In fact, Kersnar makes it clear that Verne created a world that while similar to his own was centuries ahead of its time. His literary inventions of underwater vessels, and electrical threads were unheard of during its first reading but all seemingly came true. One point of departure the new adaptation will take from the novel, Kersner explains, was the inclusion of an uprising that Verne included in the original manuscript mirroring the real life January Polish revolt against Russian rule in 1863. Verne’s editor insisted on sanitizing the work so that any periodical wishing to avoid controversy would not abandon publication of its episodes.
Kersnar and Pickering crafted a version, however, that restores Verne’s political and futuristic narrative by honoring revisions in one of the episodes, The Mysterious Island, with a new Nemo backstory based on the actual events from the time, events not so dissimilar to those of our world today. Kersnar believes that while many of Verne’s themes resonate resoundingly in present day, those that speak to civil unrest and social recompense are ones the author would be most pleased with having predicted. Says Kersnar, “I believe if Verne were alive today, he would delight in the fact that future survival of our species is no longer just about industry or technical progress, but rather, social justice,”
Like many of Lookingglass Theatre’s productions, creating a contemporary context for epic literary works wasn’t the real issue with 20,000 Leagues Under the Seas. The issue was fitting the far-reaching ecosystem of Nemo and the Nautilus into the not so expansive space of Michigan Avenue’s Water Tower Works.
For that, Lookingglass played the hunch that, on the same stage, has brought to life Ahab’s iconic pursuit in Moby Dick and led audiences down the rabbit hole with a disquisitive Alice in its world renowned signature production, Lookingglass Alice--and all to lavish critical acclaim. That hunch has in its essence a synergetic spirit that harnesses creativity, resourcefulness and a dash of brilliance. Kersnar explains, “Each of us at Lookingglass has a different process but we share similar core values of transformation, collaboration and invention. What does that mean? We choose certain physical and visual elements that we have a hunch will serve the mission and point of view of the production.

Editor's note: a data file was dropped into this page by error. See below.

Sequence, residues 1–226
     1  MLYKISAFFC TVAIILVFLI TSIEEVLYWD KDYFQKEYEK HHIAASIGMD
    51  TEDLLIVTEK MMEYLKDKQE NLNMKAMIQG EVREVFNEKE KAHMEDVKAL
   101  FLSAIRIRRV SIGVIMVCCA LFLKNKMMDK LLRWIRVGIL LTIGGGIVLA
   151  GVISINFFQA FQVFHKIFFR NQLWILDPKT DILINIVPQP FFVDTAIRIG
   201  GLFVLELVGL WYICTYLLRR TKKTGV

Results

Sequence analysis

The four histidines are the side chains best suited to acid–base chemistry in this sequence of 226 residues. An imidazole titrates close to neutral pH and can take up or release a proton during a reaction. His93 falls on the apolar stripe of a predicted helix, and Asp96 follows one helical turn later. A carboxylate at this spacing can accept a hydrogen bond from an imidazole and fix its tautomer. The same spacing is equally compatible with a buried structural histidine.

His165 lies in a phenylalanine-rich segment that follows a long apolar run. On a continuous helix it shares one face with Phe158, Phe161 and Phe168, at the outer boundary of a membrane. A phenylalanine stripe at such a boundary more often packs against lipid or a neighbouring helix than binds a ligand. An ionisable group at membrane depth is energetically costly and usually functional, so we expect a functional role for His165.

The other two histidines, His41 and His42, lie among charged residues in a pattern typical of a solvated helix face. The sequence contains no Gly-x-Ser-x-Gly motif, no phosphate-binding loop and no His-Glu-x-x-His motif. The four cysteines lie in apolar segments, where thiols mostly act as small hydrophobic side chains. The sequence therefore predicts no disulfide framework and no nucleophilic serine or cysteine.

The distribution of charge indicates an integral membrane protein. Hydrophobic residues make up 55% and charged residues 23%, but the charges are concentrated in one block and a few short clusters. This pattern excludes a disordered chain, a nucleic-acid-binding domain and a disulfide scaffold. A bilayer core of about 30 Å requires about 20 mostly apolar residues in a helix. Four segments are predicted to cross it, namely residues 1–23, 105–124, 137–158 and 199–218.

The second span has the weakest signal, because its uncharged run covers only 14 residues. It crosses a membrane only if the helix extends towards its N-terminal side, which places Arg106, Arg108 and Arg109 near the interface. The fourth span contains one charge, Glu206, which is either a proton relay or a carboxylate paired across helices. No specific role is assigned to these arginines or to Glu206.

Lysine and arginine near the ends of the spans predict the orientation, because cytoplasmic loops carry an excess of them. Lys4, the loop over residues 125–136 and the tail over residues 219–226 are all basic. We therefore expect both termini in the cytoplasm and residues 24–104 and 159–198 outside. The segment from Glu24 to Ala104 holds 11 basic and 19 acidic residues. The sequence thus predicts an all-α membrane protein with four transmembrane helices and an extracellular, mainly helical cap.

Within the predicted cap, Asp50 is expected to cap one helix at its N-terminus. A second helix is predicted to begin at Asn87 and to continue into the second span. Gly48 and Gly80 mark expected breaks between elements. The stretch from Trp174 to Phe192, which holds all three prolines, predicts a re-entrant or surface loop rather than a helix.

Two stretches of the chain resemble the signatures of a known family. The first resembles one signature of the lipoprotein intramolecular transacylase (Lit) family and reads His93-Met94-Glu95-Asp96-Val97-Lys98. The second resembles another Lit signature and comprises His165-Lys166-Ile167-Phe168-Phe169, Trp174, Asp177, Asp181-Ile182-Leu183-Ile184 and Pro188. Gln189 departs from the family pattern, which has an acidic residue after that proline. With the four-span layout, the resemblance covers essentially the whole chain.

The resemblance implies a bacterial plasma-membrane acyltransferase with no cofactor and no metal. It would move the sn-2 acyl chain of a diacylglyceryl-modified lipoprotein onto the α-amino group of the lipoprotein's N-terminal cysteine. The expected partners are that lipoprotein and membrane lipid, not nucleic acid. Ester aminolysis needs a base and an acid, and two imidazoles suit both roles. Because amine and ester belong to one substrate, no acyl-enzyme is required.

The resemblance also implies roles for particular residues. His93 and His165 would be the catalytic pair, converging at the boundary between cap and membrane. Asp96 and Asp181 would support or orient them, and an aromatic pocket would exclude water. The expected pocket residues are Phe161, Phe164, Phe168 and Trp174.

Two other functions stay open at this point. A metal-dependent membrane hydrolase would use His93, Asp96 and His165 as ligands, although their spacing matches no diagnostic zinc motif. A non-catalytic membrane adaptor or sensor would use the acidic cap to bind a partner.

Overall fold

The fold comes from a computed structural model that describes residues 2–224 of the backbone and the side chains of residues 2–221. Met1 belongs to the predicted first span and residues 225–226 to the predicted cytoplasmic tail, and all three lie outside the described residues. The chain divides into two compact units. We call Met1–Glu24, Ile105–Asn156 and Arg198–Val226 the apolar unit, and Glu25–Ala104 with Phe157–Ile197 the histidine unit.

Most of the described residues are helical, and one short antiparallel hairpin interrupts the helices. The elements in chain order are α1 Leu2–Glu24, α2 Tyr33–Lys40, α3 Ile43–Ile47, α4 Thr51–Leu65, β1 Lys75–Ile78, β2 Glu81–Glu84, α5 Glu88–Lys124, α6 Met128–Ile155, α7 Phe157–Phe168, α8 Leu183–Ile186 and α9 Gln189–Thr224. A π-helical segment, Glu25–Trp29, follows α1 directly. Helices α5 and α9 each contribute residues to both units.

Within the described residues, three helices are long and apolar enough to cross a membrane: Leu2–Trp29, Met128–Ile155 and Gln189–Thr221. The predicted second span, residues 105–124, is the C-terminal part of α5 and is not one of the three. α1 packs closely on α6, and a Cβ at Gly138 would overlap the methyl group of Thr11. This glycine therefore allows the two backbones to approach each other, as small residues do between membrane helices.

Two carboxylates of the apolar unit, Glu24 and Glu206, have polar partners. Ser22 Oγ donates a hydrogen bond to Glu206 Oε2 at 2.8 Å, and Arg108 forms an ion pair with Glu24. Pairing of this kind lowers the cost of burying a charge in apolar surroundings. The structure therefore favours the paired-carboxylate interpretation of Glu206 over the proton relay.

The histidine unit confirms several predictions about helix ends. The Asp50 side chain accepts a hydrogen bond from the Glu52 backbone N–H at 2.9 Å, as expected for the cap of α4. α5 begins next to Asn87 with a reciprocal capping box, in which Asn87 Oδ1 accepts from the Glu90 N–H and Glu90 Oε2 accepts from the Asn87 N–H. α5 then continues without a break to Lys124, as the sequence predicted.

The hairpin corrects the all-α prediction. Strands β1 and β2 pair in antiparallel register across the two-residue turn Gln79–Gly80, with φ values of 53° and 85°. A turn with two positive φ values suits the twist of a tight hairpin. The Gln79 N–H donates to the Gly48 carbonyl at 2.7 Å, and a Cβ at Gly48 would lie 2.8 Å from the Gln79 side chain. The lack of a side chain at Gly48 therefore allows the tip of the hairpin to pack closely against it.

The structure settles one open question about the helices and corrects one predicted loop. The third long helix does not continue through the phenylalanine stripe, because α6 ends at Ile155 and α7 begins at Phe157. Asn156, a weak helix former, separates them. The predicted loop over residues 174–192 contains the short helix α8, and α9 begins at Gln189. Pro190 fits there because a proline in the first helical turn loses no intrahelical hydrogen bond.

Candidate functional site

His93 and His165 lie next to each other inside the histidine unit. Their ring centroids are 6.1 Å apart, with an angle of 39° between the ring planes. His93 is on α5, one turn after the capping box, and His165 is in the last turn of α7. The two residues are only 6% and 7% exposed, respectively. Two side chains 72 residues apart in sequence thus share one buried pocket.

“We often start with a physical or visual hunch to support the mission of the mission or “big idea” of the adaption of the extant text. For early college productions of this show, we used video projections to create the underwater world. But the digital technology stuck out and was too contemporary for our 19th century story. For this production all images are actually created and performed by human hand through intercultural puppetry as well as chain and rope rigging.”
As for the sheer physicality of the work, Lookingglass relied on its relationship with Actors Gymnasium and its ability to take the story into the space above the stage to create the expansive journey audiences will take.
Run by Lookingglass artistic associate Sylvia Hernandez, Actors Gymnasium set about to test many of the physical elements of the adaptation that would help create Verne’s amazing underwater world staging physical sequences one by one during several dedicated days up at the gym’s home in Evanston.
Kersnar is mum on the specifics of what wonders we’ll see, of course, but he did reveal that in the course of the staging audiences will witness the company lift the hoist the largest and heaviest object ever in the 30 years of the theater’s work.
As for the challenge of bringing the script to life, much of the heavy lifting has been left to a cast of Chicago stage veterans that include Lookingglass artistic associate Walter Briggs, ensemble member Thomas J. Cox, Joseph Dempsey, Micah Figueroa ensemble member Kareem Bandealy, who will take on the role of Nemo.
Bandealy, whose credits span local Chicago and regional theater, film and television, is an actor Kersnar trusts to flesh out Nemo’s nuances in the spirit of collaboration core to Lookingglass’ creative culture. “I first directed him in 2011 in The Last Act Of Lilka Kadison,” Kersnar told me. “Kareem is a leader and multi-talented artist. As with many productions at Lookingglass, we pride ourselves in honoring ‘the best idea in the room.’ Sometimes this comes from the director but more often it comes from the cast. Directing more often than not is listening. Kareem deeply understands Nemo. Kareem is not just an actor, his new play, Act(s) of God, will be featured in next year’s Lookingglass season. I would be a fool not to listen to him.”